The Veterans Affairs Department is facing a projected $2.5 billion budget shortfall and is asking for funding to help cover the rest of its fiscal year.
Deputy VA Secretary Sloan Gibson says it's caused in part by increased demand, mistakes made by outdated technology, the high cost of drugs and poor planning.
Gibson spoke Thursday at a House Veterans' Affairs Committee hearing on the budget for fiscal 2015 fiscal, which ends Sept. 30. He said that the VA is considering furloughs and hiring freezes. He added VA officials want to use $500 million from the new Veterans Choice program, which makes it easier for veterans to receive federally paid medical care from local doctors. Congress approved $10 billion over three years for the program as it responded to scandals over long wait times and falsified records to cover up the delays.
Gibson said VA officials suspected in March that their financial reporting system did not reflect the reality of the agency's financial situation. An audit covering “millions” of fee-for-service transactions was conducted after which the projected budget shortfall was brought to light.
Rep. Jeff Miller, (R-Fla.), chairman of the Veterans' Affairs panel, called it "disturbing" that VA officials waited nearly nine months into the budget year to announce such a large budget gap.
Still, Miller said he would work with colleagues on the House Appropriations Committee "to give VA the flexibility it is seeking to use a limited amount of Choice funds for non-VA care."
While Gibson blamed the 20-year-old financial management computer system, Miller recalled how more than a decade ago, the VA had been allocated almost $500 million to test its Core Financial and Logistics System at the Bay Pines VA Medical Center in St. Petersburg, Fla., and that had turned into another boondoggle project.
“This money was squandered and we have nothing to show for it,” Miller said.
A more recent waste of VA money in Florida was also noted. The St. Augustine Community Based Outpatient Clinic is paying monthly penalties, reportedly in the $50,000 range, for failing to vacate its property in time for the new tenant to move in.
“We've got I don't know how many hundreds of lease transactions in the pipeline,” Gibson acknowledged. “St. Augustine is just one example.”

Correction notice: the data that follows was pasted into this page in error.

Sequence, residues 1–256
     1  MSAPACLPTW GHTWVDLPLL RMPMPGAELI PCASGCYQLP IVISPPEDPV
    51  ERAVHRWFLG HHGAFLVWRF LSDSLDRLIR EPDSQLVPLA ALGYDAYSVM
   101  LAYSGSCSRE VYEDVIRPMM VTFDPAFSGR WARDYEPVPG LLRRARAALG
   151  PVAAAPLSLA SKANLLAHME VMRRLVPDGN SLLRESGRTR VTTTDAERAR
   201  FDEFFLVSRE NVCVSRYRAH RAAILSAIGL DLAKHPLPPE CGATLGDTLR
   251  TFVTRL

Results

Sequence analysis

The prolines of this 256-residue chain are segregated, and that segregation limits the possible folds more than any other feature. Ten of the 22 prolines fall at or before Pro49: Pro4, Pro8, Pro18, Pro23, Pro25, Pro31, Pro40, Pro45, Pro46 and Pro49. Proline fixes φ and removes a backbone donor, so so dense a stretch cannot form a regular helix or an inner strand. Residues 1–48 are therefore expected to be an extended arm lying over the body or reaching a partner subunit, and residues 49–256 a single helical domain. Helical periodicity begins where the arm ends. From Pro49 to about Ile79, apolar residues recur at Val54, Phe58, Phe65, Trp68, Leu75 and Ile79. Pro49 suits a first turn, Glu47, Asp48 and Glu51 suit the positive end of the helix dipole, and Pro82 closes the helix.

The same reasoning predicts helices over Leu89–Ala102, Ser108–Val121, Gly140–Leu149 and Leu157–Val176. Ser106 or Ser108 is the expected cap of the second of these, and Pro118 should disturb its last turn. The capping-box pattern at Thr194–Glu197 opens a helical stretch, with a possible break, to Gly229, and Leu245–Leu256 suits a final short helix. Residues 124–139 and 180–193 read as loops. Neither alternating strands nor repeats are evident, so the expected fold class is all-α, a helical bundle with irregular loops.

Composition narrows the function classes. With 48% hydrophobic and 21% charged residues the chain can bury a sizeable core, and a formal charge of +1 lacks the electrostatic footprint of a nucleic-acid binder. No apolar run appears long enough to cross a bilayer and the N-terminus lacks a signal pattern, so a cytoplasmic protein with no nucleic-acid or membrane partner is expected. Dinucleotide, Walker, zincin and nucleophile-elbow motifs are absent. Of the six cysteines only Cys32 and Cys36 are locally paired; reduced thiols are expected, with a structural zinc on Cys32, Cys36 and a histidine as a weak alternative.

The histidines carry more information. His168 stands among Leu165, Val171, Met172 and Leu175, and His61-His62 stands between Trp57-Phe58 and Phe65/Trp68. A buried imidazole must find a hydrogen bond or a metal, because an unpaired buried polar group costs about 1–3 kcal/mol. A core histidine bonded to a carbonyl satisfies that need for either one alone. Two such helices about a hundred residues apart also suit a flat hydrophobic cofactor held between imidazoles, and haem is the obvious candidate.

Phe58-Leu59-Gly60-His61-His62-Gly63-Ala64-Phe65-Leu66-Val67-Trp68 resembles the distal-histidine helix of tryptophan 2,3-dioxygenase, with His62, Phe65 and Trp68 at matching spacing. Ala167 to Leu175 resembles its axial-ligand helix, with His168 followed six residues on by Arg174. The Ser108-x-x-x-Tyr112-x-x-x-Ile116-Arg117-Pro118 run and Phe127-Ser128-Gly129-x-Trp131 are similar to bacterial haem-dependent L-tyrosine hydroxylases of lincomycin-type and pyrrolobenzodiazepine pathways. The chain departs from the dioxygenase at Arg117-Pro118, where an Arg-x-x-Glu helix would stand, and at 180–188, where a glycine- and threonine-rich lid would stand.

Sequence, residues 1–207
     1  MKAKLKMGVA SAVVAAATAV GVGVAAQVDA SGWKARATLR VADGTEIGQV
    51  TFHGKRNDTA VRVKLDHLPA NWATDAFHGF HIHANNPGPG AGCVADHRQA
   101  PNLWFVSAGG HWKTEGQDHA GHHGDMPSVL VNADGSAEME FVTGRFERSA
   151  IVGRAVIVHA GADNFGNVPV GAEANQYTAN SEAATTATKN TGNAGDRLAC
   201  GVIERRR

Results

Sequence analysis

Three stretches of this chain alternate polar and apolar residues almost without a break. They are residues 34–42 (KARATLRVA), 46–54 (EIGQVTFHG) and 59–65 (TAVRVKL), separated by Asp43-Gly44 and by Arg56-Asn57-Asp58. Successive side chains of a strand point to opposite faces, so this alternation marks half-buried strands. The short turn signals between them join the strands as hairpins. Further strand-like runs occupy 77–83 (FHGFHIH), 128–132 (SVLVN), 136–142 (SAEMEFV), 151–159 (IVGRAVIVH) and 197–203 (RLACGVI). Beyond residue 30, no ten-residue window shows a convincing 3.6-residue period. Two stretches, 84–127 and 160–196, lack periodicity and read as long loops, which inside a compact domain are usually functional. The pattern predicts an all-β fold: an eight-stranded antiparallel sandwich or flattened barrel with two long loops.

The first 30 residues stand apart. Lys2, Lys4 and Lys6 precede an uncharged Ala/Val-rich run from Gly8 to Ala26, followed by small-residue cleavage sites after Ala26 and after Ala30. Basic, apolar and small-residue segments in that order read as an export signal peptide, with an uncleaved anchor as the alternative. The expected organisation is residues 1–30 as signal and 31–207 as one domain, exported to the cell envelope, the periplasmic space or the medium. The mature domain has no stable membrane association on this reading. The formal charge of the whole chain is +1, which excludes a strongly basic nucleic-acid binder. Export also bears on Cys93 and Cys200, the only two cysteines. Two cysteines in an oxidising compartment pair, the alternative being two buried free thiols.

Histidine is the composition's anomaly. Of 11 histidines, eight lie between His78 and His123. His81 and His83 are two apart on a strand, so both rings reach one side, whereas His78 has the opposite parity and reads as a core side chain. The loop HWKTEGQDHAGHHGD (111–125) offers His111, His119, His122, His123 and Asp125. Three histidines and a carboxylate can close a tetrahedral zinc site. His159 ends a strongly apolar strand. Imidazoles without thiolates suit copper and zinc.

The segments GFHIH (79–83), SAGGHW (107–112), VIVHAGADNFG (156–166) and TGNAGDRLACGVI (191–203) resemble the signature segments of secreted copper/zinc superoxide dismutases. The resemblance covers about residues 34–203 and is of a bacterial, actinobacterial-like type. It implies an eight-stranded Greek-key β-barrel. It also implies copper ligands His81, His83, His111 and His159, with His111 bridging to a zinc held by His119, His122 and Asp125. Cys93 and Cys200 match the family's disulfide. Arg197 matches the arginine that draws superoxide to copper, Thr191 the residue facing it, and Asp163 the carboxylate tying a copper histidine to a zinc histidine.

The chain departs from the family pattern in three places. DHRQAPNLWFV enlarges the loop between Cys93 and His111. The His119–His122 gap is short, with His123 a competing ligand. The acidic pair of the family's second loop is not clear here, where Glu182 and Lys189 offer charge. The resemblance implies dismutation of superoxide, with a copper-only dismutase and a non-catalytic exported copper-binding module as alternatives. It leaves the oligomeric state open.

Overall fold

He said the VA is working on developing a process to relocate facilities long before their leases expire and to standardize the leases they sign.
While expiring leases should be an anticipated expense, Gibson said the VA could not prepare for the release of new, more expensive drugs to treat hepatitis C. He said new drugs came out long after the appropriations process had begun.
The agency moved almost $700 million from its VA Community Care program to help pay for hepatitis C treatments in fiscal 2015, Gibson said, adding “But it wasn't enough.”
The agency has learned from the experience, though. Gibson said it is now monitoring for the release of new “blockbuster” drugs. He noted how the VA is anticipating the release of new cardiology drugs and accounting for their cost early in the budget process.
Rep. Mark Takano (D-Calif.) said he had heard the VA was receiving a certain hepatitis C drug for $600 a pill, which was well below the commercial price of $1,000 a pill. Gibson wouldn't confirm, but noted that the VA had negotiated an “attractive arrangement” with manufacturers for the drug.
He added that this increased the demand for VA services, as Medicare was requiring beneficiaries to make a co-payment for the drug and the VA wasn't.
Similarly, Gibson noted how Medicare reimburses providers $25,000 for knee replacements and requires beneficiaries to contribute a 20% co-payment. So, going to the VA for the procedure saves veterans $5,000.
Gibson cited a Veterans of Foreign Wars Survey (PDF) which found that, when offered a choice of where to receive their care, 47% of veterans chose the VA—even if there was a wait involved. Also, 78% said they were satisfied with their VA care and 82% said they would recommend the VA to a fellow vet.
Since last April, the VA health system has increased its staff by 12,000. This includes 1,000 physicians and 2,700 nurses, but when asked, Gibson could not detail who the remaining new hires were and what clinical services they provided.
The additional staff has led to increased demand. Gibson noted how the VA has added 337 people to its staff in the Phoenix area, but the continued problem of wait times is reflected in Phoenix where demand for primary care has jumped 11%, specialty-care demand has grown 17% and demand for mental health care increased 16% over the same period.
Since opening a new medical center in Las Vegas, he said demand for care has grown 18% there. Gibson said nationwide the VA has increased its amount of night and weekend appointments by 12% and is making wider use of telemedicine visits and e-consults.
Expanding its network of non-VA providers has proven a challenge, however. Gibson said the VA's reputation for paying “low and slow” remains a lingering problem even though, under the Choice Act, third-party administrators pay non-VA providers within 30 days of a visit.
House Speaker John Boehner sneered at Gibson's remarks and criticized the agency for asking for additional funding.
"The VA's problem isn't funding—it's outright failure. Absolute failure to take care of our veterans," Boehner said at a news conference. The Ohio Republican mocked Gibson's message to Congress as: "Get your checkbooks out."
The Choice Act provided $10 billion to pay for healthcare services and $5 billion to hire more staff and to build or lease more clinical space.
The VA's staffing shortage has had a wide impact. Rep. Aumua Amata Coleman Radewagen, American Samoa's nonvoting delegate to Congress, told how the VA facility in her territory has new audiology equipment but no one to operate it and new physical therapy equipment but no physical therapists.